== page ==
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A world of George Floyds

A world of George Floyds

Nationwide protests in the US over the police killing of George Floyd have inspired solidarity demonstrations around the world. But in some countries, people are also on the streets to protest discriminatory policing and broader racial injustice in their own countries. Here's a look at a few protests in just the past few days, including in a couple of countries where racial tensions don't always make the global news.

Brazil: Protesters in Rio de Janeiro were out in force this weekend to call attention to a long history of police violence and discrimination. Rio, where powerful gangs control large swathes of the city's impoverished favelas, has long been an exceptionally violent place, and the police there are known to treat local residents with a heavy hand. In 2019, cops gunned down a record 1,800 people in Rio (police in the entire United States kill roughly 1,000 people per year.) The overwhelming majority of those killed by the Rio police are black. Of the roughly 9,000 people killed by Rio police over the past decade, three quarters of them were black men, according to Human Rights Watch. Just last month, an unarmed black teenager was shot during a police raid. Hanging over all of this is the still unresolved murder of city councilwoman Marielle Franco, an outspoken police critic, who was assassinated in 2018.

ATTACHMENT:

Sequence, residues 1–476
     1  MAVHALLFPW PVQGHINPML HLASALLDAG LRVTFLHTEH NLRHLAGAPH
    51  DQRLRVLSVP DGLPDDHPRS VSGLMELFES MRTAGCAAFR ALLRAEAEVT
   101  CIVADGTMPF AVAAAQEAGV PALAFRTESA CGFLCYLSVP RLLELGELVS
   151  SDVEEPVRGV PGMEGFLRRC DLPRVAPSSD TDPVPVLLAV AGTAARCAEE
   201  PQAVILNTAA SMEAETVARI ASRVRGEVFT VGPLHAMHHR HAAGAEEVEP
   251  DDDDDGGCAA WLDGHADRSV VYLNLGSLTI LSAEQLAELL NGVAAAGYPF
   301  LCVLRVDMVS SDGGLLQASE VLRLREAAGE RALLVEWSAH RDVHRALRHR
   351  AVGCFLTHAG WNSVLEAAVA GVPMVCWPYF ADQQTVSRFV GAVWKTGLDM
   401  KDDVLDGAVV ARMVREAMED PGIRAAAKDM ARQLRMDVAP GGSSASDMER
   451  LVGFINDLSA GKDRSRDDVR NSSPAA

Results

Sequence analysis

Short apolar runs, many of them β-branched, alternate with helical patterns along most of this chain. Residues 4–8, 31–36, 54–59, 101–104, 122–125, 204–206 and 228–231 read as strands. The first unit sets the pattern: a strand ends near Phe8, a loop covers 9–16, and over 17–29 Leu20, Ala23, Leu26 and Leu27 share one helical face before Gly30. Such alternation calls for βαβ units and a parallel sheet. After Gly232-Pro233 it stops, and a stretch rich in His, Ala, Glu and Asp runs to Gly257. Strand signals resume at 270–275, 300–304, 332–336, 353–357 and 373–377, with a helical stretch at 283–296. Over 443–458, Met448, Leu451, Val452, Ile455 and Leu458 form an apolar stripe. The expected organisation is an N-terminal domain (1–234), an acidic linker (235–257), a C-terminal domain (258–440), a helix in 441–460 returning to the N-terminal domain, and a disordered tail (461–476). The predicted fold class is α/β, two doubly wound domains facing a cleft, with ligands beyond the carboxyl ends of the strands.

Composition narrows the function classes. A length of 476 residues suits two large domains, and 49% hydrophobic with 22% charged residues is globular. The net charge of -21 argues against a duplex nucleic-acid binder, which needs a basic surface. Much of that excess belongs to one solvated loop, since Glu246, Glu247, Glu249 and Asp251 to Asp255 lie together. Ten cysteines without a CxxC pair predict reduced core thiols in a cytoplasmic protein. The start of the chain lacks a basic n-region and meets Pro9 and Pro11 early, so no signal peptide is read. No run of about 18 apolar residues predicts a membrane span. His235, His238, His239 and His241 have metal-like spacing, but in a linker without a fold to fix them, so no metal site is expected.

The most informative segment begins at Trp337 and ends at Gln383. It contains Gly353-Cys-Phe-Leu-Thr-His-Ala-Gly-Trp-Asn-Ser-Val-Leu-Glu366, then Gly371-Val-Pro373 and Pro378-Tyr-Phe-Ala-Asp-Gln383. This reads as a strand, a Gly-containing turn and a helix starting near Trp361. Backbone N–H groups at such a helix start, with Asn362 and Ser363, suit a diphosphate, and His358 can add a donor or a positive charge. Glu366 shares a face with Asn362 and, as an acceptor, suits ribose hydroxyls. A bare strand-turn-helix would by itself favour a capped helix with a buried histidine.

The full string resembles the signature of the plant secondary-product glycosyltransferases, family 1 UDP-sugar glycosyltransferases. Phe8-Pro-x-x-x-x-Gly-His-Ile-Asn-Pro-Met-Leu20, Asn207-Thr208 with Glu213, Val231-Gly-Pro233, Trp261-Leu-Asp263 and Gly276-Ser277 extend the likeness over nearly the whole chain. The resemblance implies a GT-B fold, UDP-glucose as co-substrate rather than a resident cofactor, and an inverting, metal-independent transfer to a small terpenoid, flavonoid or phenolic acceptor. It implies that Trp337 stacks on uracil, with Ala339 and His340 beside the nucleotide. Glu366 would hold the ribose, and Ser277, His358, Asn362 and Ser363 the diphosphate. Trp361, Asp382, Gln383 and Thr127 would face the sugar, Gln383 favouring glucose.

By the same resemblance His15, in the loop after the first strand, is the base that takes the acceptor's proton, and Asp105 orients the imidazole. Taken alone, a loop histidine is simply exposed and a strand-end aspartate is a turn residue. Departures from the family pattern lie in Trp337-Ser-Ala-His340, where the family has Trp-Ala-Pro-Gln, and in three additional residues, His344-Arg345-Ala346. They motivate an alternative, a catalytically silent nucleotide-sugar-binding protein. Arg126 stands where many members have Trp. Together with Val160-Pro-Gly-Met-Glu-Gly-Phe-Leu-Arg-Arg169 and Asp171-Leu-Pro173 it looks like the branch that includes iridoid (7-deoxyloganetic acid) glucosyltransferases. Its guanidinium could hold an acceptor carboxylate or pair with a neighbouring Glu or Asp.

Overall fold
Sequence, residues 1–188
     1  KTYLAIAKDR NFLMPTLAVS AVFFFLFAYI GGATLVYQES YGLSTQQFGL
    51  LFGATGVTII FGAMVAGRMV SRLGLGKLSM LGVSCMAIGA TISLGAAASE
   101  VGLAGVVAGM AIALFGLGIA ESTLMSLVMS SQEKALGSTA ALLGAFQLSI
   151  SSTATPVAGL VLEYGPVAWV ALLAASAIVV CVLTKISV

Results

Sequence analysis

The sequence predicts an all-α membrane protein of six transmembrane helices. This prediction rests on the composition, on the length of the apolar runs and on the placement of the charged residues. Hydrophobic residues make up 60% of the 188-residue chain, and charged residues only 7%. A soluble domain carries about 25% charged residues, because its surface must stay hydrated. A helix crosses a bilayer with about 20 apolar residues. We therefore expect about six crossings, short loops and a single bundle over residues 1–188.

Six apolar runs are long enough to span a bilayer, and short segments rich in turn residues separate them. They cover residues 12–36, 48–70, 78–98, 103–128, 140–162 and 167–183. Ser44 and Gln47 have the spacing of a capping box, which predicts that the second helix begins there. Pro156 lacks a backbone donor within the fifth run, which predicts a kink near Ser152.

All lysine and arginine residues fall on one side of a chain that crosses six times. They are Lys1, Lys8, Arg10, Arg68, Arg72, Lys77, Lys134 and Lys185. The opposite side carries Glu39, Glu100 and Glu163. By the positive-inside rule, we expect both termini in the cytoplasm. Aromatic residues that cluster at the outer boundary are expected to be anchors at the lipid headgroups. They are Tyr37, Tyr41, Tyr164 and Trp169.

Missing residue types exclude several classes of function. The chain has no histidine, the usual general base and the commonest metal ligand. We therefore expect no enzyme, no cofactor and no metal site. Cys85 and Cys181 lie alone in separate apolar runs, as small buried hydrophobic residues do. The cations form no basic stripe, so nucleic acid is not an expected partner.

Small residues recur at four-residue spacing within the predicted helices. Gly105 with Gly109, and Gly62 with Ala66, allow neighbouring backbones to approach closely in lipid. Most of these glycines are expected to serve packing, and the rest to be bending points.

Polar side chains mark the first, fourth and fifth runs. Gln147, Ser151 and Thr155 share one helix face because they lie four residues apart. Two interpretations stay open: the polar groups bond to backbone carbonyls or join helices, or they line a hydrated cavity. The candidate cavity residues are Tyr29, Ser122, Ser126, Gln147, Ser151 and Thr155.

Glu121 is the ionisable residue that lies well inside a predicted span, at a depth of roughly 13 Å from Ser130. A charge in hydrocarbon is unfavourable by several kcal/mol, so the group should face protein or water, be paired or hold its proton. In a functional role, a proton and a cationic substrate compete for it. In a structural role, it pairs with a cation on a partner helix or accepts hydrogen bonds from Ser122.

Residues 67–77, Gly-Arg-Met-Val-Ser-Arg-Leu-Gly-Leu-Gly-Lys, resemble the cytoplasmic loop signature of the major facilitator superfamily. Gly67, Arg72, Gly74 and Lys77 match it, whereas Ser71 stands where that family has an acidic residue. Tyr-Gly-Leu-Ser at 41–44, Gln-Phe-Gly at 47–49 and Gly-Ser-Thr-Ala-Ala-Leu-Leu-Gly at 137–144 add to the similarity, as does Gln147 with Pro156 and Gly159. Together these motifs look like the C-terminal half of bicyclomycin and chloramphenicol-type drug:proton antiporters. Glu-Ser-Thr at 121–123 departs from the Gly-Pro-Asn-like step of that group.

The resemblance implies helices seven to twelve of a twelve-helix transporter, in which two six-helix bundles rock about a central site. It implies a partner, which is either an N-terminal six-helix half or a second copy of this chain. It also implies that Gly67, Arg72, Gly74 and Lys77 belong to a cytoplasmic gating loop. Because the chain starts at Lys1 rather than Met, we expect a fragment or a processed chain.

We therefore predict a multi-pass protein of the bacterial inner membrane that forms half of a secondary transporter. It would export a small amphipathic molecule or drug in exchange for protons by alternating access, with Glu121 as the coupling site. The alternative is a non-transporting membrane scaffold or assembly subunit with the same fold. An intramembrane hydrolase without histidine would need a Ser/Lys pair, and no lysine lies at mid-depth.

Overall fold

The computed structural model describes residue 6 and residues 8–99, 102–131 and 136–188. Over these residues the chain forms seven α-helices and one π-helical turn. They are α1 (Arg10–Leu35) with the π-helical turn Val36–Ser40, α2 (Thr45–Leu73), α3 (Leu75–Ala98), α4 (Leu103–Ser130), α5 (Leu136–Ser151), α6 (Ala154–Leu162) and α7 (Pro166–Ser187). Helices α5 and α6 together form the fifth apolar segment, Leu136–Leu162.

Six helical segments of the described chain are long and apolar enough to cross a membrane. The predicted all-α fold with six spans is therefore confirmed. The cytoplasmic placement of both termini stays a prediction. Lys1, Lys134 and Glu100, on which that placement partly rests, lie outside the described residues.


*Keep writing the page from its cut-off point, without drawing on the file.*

Japan: Non-Japanese minorities make up less than five percent of the population in Japan, where the country's relative ethnic homogeneity has been a source of both pride, controversy, and debate in recent years. This Saturday, several hundred people were out on the streets of Tokyo to express solidarity with the Floyd protests, but also to highlight police discrimination in their own city, spurred on by the case of a 33-year old ethnic Kurd from Turkey who was thrown to the ground and manhandled by police after he refused to let them search his car. A bystander caught the incident on video. Recent police reforms in Japan have sought to address a long history of abusive interrogation practices, but a focus on race and policing is relatively new in the country.

Israel: Solidarity protestors in Israel took aim at racial discrimination in their own society this weekend. A main focus of the demonstrations was systemic discrimination against Israel's black population. Protestors chanted the name of Solomon Tekah, an unarmed Ethiopian Jewish teenager killed last year by an off duty police officer. Tekah's death sparked several days of protests last summer and threw a harsh light on the discrimination suffered by the country's sizable Ethiopian minority, which first arrived in large numbers via a massive airlifts out of Ethiopia in the mid 1980's.

Portugal: Thousands of protesters in Lisbon and other large cities demanded justice in the case of Claudia Simões, a 42-year old black woman originally from the former Portuguese colony of Angola, who said she was severely beaten by police earlier this year after a bus operator accused her of having assaulted him. Racial tensions surrounding the police are not new in Portugal. Last January, protests erupted after a viral video showed police abusing residents of the predominantly black Bairro da Jamaica suburb of Lisbon. Several months later, eight officers were convicted of kidnapping and beating six black youths near the capital city in 2015.